San Diego The San Diego chapter of Tech Coast Angels, one of the largest networks of angel investors nationwide, is headed into 2018 with a new leader at its helm.
The nonprofit organization, members of which have invested more than $170 million in more than 300 companies, has five regional networks throughout Southern California.
Come January, Pacific Beach resident Dean Rosenberg, selected recently to take over for former administrative head Sergio Gurrieri, will lead the largest of TCA’s regional chapters.
Rosenberg shared a bit with the San Diego Business Journal about his history as an entrepreneur, an investor and his plans for the San Diego chapter going into the New Year.
Q: Before you were part of TCA, you were yourself a founder, and even pitched the group for funding. Tell us about your history as an entrepreneur.
A: I have been doing the “startup thing” since the late ’80s. I started a software consulting company while an undergraduate at UC San Diego. I launched a number of startups out of the consulting company over the years, some more successful than others. In the late ’90s I was the co-founding chief technology officer of SupplyPro, where we raised over $28 million in venture capital. SupplyPro was an interesting story because it started out as a project by my classmates while we were in the Executive MBA program at San Diego State University. I sold my last company, Airsis Inc., to a public company in 2014 after we achieved some growth with a software product in the maritime and energy industry.
We raised $2 million in angel investment from TCA for Airsis to develop and launch that product, which is where I initially got introduced to the group.
Q: When did you join TCA, and what prompted you to do so?
A: I joined TCA shortly after I sold my company in 2014. I wanted to continue to exercise my entrepreneurship skills to help others, while also taking a break from the trenches of being an active founder/CEO. I was motivated by how dedicated many in TCA were to supporting our local ecosystem with both their time and money.
Q: Tell us about some of TCA’s recent successes. What are the most exciting early-stage companies in San Diego the group has backed?
A: TCA has funded over 300 companies and has about 70 exits today. There are the big ones that have been talked about before, like Sandpiper Networks and Green Dot, both (of) which achieved over 100x returns for investors. There was also Savara Pharmaceuticals, which recently went public. We also have some exciting recent investment stories like Echo, an innovative microscope company, for which TCA led a $2 million seed investment last year then, six months later, co-led a $7.5 million Series A financing.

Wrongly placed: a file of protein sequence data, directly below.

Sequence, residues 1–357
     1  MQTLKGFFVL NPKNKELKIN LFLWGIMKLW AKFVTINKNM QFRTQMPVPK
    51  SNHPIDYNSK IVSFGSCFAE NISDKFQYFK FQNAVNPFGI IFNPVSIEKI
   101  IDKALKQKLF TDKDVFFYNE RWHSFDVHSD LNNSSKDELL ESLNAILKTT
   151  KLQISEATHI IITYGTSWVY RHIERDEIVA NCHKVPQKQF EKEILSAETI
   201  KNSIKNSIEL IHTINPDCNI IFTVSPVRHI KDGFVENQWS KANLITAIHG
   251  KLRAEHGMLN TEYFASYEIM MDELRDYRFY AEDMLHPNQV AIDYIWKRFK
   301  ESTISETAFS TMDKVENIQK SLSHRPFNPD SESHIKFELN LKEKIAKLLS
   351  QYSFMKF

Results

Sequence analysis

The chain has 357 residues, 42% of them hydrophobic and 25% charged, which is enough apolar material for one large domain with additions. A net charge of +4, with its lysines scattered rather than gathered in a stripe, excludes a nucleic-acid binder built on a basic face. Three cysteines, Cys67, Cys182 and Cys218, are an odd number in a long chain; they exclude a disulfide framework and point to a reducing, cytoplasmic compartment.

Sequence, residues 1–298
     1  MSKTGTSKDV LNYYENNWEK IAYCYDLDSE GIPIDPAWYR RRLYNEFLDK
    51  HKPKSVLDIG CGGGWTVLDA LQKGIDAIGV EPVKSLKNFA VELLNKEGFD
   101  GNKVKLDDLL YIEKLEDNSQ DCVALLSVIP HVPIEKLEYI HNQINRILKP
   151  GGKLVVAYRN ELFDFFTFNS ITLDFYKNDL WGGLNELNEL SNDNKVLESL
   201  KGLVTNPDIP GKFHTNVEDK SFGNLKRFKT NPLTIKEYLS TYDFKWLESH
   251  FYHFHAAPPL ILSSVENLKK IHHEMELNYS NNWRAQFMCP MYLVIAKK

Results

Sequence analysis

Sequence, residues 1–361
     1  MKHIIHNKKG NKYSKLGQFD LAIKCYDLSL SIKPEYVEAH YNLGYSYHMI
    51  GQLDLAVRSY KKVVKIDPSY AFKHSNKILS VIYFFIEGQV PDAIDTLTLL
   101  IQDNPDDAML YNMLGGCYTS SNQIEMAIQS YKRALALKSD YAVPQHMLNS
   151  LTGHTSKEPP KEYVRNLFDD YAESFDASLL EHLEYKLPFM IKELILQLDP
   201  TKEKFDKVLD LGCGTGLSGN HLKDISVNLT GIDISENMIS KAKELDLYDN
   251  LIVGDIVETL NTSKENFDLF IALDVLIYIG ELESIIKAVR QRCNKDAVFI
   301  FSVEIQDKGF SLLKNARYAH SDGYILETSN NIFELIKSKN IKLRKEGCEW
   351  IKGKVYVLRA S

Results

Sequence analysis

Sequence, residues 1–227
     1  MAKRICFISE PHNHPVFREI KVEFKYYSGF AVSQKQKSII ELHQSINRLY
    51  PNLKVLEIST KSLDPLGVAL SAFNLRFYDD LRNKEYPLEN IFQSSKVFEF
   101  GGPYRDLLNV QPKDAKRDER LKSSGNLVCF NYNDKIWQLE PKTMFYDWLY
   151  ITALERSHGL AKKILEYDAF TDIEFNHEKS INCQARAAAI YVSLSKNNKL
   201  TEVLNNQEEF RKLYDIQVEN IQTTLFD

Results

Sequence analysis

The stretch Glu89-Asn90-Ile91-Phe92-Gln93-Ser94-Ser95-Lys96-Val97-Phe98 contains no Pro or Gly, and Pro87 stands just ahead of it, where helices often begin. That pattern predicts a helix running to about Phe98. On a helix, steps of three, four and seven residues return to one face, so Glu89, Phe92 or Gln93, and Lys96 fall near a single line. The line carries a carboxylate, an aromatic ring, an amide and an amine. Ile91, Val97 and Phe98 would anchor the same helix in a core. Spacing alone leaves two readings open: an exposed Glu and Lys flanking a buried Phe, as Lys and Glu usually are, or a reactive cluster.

Q: Early-stage investment is competitive. How is TCA positioning itself to remain of interest to entrepreneurs, and how does the organization stay informed about startups with potential?
A: There are not many places for an entrepreneur to raise seed funding of $300,000 to $1 million, and that is our sweet spot. We are trying to work with entrepreneurs to make the process as painless as possible. We are streamlining our process and implementing technology to help better connect entrepreneurs to our investor members. As for staying informed, we are very active both in the local region and nationally. We do local outreach events and also participate in the Angel Syndication Network, which has dozens of other participating angel groups around the country to help fill seed financing rounds. We also foster close relationships with VC firms and family offices in Southern California where we share visibility to promising companies.
Q: What are your goals as president of TCA, and what impact, quantitative and qualitative, do you hope to have on the organization?
A: My overarching goal is for TCA to be the best place for the best companies and teams to raise their seed financing. We have done a lot in the last several years towards that goal, and we also have plenty more to do. While raising money from an angel group is a process, we are trying to get to both “yes” and to “no” much more quickly so that entrepreneurs are not burdened by a protracted funding process.
We are exploring options for incorporating crowdfunding platforms like AngelList into our process. And I have a personal goal to work with our board to double our investor members by the end of my term.
Having more engaged investors means more funding for companies and more long-term benefits to the economic growth and well-being of San Diego and our broader region.